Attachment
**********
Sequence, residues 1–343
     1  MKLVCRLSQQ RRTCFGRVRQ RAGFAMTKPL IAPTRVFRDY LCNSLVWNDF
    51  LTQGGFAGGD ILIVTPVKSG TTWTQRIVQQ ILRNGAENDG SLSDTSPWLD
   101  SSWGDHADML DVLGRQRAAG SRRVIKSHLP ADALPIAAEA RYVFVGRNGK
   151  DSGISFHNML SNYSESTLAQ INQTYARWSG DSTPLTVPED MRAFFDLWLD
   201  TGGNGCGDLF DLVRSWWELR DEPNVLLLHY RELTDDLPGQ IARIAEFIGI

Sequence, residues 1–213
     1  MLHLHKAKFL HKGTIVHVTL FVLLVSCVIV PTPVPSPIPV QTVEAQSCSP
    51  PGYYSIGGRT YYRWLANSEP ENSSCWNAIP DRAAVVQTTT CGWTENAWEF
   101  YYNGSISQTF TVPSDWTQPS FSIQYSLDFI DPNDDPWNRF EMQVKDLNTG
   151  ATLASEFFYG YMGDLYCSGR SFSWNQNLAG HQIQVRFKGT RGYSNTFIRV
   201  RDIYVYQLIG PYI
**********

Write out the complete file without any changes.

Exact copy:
Sequence, residues 1–343
     1  MKLVCRLSQQ RRTCFGRVRQ RAGFAMTKPL IAPTRVFRDY LCNSLVWNDF
    51  LTQGGFAGGD ILIVTPVKSG TTWTQRIVQQ ILRNGAENDG SLSDTSPWLD
   101  SSWGDHADML DVLGRQRAAG SRRVIKSHLP ADALPIAAEA RYVFVGRNGK
   151  DSGISFHNML SNYSESTLAQ INQTYARWSG DSTPLTVPED MRAFFDLWLD
   201  TGGNGCGDLF DLVRSWWELR DEPNVLLLHY RELTDDLPGQ IARIAEFIGI

Sequence, residues 1–213
     1  MLHLHKAKFL HKGTIVHVTL FVLLVSCVIV PTPVPSPIPV QTVEAQSCSP
    51  PGYYSIGGRT YYRWLANSEP ENSSCWNAIP DRAAVVQTTT CGWTENAWEF
   101  YYNGSISQTF TVPSDWTQPS FSIQYSLDFI DPNDDPWNRF EMQVKDLNTG
   151  ATLASEFFYG YMGDLYCSGR SFSWNQNLAG HQIQVRFKGT RGYSNTFIRV
   201  RDIYVYQLIG PYI